X Close Menu

Changing Clothes (3:8)

“But now you must put them all away: anger, wrath, malice, slander, and obscene talk from your mouth” (Col. 3:8).

O.K., Paul, we agree with you about slander and obscene talk. Those are verbal actions over which we can exercise a measure of control. We can choose not to speak ill of someone or to use inappropriate language. Whether or not we do so is up to us. We can just keep our mouths shut!

But how can you tell us to put away anger and wrath and malice? Those don’t feel like choices. They are simply states of mind, passions of the heart.  Are you really telling us to stop being angry, to cease feeling wrath, to terminate malicious thoughts?

If I may be allowed to speak for the apostle, Yes, that is precisely what he’s commanding us to do! As was the case earlier in Colossians 3 when it came to sexual desires (Col. 3:5), so now with anger and wrath and malice, we are responsible before God to do whatever is necessary to eliminate these affections or emotions from our souls. Again, it isn’t simply the outward expression of anger or certain physical actions that reveal our wrath and malice. WE MUST CONFRONT AND CONQUER THE INNER IMPULSE.

This is the point Jesus was making when he said, “You have heard it was said to those of old, ‘You shall not murder; and whoever murders will be liable to judgment.’ But I say to you that everyone who is angry with his brother will be liable to judgment; whoever insults his brother [or more literally, says to him, “Raca!”] will be liable to the council; and whoever says, ‘You fool!’ will be liable to the hell of fire” (Matthew 5:21-22).

By “insult” (i.e., saying “Raca”, an Aramaic term meaning “empty[headed]”) Jesus refers to the mocking of an individual’s intelligence. This isn’t merely a casual reference to a person’s IQ or the equivalent of our calling someone a “nitwit” or “blockhead” or “boneheaded dufus.” He has in mind an angry and dismissive belittling that is designed to embarrass and humiliate. Worse still is the word translated “fool” (Gk. “moros”) which is an attack on the dignity or metaphysical value of the person. It’s bad enough to call someone an idiot, but something worse to call them a “worthless” idiot.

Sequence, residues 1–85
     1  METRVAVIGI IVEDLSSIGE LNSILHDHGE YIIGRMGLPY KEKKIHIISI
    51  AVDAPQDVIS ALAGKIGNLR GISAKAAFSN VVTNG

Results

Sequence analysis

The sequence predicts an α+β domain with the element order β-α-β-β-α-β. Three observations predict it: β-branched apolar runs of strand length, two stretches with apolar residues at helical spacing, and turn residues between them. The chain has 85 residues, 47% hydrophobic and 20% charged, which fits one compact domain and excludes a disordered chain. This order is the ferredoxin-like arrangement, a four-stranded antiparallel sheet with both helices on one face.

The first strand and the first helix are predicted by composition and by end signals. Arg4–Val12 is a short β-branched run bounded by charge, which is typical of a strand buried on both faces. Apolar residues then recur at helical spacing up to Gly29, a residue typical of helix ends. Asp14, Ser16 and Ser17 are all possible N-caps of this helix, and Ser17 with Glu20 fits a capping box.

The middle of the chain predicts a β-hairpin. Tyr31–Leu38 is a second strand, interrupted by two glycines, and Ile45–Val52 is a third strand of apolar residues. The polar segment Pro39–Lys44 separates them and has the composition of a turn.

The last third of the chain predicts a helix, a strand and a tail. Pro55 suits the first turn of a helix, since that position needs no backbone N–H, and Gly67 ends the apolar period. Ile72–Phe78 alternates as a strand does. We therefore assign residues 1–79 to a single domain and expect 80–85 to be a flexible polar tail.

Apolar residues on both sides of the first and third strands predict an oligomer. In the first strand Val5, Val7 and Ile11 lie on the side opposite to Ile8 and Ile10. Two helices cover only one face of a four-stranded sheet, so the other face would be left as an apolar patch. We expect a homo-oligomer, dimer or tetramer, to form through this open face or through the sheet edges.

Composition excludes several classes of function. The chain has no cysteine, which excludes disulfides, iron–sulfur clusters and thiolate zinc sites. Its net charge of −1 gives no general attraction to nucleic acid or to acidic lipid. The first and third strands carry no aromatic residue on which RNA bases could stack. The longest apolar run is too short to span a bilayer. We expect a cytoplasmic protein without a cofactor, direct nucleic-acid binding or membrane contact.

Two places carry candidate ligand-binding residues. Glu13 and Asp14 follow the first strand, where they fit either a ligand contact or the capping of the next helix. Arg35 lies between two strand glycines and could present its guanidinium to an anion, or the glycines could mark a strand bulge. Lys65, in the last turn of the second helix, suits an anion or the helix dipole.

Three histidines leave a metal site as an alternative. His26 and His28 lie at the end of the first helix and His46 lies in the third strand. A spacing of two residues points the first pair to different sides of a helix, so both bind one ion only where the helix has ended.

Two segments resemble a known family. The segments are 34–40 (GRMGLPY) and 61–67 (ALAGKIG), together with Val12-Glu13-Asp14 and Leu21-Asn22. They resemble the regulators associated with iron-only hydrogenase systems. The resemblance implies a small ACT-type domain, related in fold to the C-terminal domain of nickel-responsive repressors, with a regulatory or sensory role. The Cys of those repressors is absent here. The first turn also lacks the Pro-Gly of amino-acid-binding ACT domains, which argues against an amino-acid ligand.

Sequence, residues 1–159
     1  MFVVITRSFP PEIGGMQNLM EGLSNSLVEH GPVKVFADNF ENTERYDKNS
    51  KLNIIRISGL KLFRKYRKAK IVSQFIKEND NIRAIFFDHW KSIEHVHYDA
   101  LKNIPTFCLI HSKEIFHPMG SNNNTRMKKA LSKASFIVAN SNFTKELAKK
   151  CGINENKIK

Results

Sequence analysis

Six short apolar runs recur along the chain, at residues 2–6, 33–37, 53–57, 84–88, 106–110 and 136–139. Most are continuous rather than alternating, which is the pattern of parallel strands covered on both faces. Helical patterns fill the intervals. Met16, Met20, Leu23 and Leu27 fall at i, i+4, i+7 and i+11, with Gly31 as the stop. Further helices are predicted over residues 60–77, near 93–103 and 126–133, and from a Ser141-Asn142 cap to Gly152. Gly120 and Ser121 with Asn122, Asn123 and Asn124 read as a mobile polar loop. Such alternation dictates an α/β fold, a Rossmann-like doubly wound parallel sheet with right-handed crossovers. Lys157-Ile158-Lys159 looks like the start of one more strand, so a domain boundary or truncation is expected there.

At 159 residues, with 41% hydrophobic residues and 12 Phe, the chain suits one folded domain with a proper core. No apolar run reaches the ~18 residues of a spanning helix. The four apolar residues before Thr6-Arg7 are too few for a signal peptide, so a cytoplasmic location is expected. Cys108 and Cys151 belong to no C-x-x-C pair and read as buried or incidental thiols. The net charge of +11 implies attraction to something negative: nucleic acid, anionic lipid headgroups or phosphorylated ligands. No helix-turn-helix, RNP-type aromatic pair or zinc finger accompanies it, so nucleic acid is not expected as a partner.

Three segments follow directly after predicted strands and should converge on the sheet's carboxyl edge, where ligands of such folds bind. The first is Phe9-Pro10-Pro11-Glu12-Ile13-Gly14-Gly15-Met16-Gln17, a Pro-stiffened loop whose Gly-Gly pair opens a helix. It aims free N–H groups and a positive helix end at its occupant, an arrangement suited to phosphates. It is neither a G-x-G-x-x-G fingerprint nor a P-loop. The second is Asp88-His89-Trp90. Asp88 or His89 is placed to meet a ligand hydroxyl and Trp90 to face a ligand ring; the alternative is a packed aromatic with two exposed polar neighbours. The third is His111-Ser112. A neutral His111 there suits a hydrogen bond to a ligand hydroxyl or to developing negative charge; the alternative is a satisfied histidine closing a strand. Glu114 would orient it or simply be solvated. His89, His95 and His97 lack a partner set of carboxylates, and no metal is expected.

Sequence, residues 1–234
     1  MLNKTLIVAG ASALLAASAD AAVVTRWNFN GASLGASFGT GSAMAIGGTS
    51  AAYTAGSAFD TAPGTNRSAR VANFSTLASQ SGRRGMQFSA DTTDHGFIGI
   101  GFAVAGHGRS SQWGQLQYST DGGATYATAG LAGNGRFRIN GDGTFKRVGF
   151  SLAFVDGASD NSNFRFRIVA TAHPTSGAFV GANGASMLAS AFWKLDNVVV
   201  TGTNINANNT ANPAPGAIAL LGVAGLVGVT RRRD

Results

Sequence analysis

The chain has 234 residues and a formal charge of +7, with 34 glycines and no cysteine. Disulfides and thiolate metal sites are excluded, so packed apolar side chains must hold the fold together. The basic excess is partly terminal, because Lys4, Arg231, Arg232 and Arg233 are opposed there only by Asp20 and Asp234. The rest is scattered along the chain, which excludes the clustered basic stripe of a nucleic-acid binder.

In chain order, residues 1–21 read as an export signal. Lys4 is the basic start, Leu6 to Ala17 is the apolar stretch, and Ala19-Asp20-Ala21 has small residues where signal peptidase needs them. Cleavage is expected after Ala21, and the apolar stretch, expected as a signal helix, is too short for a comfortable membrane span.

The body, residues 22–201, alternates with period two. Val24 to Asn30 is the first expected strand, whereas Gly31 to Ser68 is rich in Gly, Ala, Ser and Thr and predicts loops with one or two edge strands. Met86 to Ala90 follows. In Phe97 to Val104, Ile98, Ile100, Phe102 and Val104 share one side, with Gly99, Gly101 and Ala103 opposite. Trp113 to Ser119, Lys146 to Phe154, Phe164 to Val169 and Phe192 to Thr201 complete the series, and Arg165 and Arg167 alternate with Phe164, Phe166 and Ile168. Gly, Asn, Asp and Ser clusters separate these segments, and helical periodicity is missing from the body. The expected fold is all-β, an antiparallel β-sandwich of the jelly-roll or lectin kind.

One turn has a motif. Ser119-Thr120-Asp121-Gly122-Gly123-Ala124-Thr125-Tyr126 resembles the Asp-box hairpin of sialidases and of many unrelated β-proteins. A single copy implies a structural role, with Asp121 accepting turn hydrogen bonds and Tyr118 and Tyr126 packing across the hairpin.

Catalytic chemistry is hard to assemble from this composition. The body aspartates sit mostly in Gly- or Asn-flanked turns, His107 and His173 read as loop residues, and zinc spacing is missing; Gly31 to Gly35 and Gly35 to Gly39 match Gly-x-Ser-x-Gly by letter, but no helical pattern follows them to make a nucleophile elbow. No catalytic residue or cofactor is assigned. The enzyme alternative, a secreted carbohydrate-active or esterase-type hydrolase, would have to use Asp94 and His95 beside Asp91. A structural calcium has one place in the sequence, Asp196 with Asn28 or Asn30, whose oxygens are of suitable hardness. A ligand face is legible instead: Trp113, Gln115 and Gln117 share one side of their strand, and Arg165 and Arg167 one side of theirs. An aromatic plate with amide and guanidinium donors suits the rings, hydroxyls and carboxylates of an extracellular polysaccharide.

Jesus isn’t saying that people aren’t “fools” or that there is never occasion on which we are justified in saying so. He himself called people “fools” or “foolish” (Mt. 7:26; 23:17; cf. Lk. 11:40; 12:20), as do several OT authors (see Psalm 14:1; 49:10; Proverbs 1:7,22,32) who warn us to be cautious of our involvement with them. But in these texts the person is a “fool” because of their stubborn rebellion against God. In Matthew 5 Jesus has in mind the deliberate and angry undermining of a person’s dignity. He is describing that demeaning, denigrating disdain and malicious contempt for another human being

Now let’s return to Colossians 3. The metaphor Paul employs is vivid and to the point. Earlier he instructed us to “slay” sin (3:5). Here he tells us to “strip” it off. We must not only destroy it, but discard it. We are to “put it to death” and “put it aside.” The verb translated “put away” (ESV) was often used of disrobing or removing garments (see Rom. 13:12; Eph. 4:22,25; Heb. 12:1; James 1:21; 1 Peter 2:1). Thus, we are to put aside or strip off old sinful habits like a set of tattered, worn-out clothes.

The words Paul uses are instructive. “Anger” (“orge”) is the same term used in v. 6 to describe divine wrath! What is appropriate for God, it would appear, is inappropriate for humans. “Wrath” is the translation of “thumos”, a more passionate and spontaneous outburst of anger, as over against the chronic, settled seething or brooding that “orge” suggests (some argue there is no substantive difference between the two; but if Paul meant only one thing, why did he use two terms?).